As I get older I find myself getting softer and softer. I used to wear all black, smear a rough line of burgundy lipstick over my lips, and cover my eyes almost completely with kohl. The result had the effect of an older woman painted over a young one. At twenty one my lungs will full of hot red smoke and coal black tar; at thirty three my lungs are pink and clear, and I can hike for miles without a hint of strain or wheeze.

My mind was darker, too, so full of petty jealousy and careless want. I wanted everything I didn’t have. I wanted the sky to turn purple; I wanted flowers to wilt under my command. I wanted everyone to love me but I didn’t want to put forth the effort to love them back.

The softening started when I got married, at twenty-three. The ground beneath me stopped shaking and I was able to look at my life plainly and clearly see the one who had chosen me (and I him) to go through life together. We were young, we were in love, we were beautiful.

I softened more when my son was born. I melted, then. I started to write more. I found that all the jumbled thoughts that filled my head could be soothed when I wrote them out.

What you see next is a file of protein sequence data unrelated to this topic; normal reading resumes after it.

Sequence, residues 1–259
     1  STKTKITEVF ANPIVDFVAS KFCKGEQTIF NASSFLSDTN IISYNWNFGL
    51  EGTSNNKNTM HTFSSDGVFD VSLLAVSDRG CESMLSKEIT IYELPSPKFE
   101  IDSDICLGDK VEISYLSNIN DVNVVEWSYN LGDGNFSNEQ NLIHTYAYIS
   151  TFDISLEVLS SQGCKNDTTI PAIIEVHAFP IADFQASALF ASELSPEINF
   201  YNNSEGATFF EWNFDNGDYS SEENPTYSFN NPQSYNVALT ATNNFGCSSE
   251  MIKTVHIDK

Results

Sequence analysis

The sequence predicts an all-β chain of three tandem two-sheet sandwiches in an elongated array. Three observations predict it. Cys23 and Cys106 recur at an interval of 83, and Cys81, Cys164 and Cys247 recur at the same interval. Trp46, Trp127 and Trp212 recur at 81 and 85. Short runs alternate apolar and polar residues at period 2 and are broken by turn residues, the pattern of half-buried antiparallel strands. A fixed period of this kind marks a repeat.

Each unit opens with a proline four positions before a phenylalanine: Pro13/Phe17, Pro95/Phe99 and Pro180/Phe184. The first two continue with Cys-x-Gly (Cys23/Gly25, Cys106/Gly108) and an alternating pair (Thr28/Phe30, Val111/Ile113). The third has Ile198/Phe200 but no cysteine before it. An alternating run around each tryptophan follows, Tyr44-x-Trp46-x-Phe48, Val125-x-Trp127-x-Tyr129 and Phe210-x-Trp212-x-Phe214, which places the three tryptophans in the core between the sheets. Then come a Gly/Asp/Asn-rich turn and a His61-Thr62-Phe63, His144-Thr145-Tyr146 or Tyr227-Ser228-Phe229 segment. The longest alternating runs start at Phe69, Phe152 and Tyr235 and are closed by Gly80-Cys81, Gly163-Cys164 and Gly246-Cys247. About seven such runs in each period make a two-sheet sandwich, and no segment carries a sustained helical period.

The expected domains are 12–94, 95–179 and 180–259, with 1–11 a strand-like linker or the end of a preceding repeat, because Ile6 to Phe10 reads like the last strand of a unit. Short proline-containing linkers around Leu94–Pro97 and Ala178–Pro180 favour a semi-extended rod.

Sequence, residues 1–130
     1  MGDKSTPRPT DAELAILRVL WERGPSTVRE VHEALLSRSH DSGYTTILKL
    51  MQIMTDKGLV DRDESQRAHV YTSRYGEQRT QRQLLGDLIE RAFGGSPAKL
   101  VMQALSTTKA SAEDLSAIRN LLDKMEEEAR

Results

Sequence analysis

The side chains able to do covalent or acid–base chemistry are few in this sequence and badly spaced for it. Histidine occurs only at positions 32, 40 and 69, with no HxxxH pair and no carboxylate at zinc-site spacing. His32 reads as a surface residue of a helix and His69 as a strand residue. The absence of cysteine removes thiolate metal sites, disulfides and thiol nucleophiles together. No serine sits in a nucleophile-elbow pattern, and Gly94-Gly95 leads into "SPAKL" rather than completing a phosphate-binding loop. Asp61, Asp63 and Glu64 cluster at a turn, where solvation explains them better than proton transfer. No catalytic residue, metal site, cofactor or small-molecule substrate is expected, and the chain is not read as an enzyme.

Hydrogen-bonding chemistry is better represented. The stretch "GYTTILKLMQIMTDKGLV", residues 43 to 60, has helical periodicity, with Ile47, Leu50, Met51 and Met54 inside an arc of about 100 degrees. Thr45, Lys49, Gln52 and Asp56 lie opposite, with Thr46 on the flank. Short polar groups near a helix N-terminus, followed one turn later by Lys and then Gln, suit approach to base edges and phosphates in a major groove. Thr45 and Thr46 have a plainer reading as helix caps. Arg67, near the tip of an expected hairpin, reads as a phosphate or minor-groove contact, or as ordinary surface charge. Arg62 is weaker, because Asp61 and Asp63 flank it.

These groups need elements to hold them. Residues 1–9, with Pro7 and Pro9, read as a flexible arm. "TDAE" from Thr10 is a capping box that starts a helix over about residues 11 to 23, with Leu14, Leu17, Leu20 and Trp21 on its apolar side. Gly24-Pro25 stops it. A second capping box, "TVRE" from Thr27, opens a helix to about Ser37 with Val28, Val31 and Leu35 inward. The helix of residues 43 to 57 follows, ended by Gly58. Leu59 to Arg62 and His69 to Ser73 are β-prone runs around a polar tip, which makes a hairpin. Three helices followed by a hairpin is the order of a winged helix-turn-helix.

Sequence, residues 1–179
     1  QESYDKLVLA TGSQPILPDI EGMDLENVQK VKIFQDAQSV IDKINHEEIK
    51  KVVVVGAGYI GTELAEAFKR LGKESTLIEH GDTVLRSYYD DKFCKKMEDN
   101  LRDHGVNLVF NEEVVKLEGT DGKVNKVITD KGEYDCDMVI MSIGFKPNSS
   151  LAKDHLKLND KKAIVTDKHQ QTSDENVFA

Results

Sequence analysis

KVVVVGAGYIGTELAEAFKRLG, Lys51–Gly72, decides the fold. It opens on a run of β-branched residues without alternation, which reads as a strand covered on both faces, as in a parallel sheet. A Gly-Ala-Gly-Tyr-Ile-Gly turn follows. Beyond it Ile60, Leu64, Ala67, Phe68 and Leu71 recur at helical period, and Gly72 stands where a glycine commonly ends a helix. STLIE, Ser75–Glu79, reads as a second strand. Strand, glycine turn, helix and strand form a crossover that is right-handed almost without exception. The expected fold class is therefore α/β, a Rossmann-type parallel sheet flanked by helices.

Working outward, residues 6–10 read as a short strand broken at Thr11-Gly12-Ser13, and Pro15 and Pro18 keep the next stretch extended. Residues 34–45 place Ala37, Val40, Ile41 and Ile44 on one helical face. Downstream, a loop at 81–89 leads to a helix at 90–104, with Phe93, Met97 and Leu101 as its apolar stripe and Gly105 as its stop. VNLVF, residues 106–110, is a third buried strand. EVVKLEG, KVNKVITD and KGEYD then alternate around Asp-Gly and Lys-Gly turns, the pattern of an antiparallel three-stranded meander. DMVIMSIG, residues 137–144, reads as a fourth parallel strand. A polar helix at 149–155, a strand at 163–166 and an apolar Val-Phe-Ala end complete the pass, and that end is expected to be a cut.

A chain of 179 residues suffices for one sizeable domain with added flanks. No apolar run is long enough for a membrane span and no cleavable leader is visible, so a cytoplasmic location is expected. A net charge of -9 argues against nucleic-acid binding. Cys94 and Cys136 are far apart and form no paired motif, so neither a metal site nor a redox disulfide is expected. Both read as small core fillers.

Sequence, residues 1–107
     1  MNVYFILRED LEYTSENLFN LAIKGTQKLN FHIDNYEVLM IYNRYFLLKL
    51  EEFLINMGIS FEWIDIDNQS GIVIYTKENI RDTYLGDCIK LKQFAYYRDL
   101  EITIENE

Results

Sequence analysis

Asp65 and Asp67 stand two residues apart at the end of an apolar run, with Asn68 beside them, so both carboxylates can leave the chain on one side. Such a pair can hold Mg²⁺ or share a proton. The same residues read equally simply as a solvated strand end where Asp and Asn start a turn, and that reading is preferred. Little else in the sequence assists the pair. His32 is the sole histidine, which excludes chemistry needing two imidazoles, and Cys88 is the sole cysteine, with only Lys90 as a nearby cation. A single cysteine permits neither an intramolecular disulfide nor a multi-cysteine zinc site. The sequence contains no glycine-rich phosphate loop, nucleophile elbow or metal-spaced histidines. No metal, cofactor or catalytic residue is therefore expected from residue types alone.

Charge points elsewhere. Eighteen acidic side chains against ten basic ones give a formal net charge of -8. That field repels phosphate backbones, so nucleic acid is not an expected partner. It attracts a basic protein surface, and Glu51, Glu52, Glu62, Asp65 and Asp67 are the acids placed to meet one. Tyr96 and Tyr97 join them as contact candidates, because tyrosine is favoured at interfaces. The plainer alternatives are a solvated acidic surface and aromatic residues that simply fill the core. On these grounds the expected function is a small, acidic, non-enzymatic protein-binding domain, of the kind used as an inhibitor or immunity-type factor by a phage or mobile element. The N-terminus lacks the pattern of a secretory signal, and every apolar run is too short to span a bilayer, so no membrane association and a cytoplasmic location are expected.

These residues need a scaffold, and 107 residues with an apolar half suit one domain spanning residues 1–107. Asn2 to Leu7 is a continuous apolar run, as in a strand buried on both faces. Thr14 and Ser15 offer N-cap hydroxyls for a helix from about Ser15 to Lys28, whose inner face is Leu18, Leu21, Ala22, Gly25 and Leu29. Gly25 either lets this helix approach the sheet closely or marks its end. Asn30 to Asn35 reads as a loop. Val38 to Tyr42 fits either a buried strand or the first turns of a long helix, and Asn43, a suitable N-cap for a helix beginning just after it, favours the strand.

There are days when I feel as soft as feathers. I can look at pretty things for a long time, and not just forget myself but find myself reflected back. Since I was so often depressed and low during childhood and young adulthood, this mollifying and expansion of spirit has made me feel younger now than I did then. I used to infuse a sort of manic desperation into every relationship, every action, every new task and new love. Now I feel myself approaching it all with a rumble and a hum instead of a roar.

My first love was a lopsided one, because he didn’t love me back. My second love was a lopsided one, because I didn’t love him back. My third, fourth, fifth, sixth, seventh loves are all twisted up in my memory now, with not one standing out.

But my husband, he loved me before I was whole. He loved me when I was very young, and very stupid. It very well could have a lot to do with the long, slippery body I had back then, but let’s pretend it was something much deeper that pushed us toward one another. Something soft.


3 thoughts on “softer

  1. Lovely metaphors, from the gradual softening to the melting when your son arrived. So glad you find yourself softened, loved and melted. Ahhhh, the transitions life sometimes creates for us. And such a blessing that your words have created soothing solace for those thoughts swirling in your mind. Keep writing, my friend!

"... all my lovers were there with me, all my past and futures."

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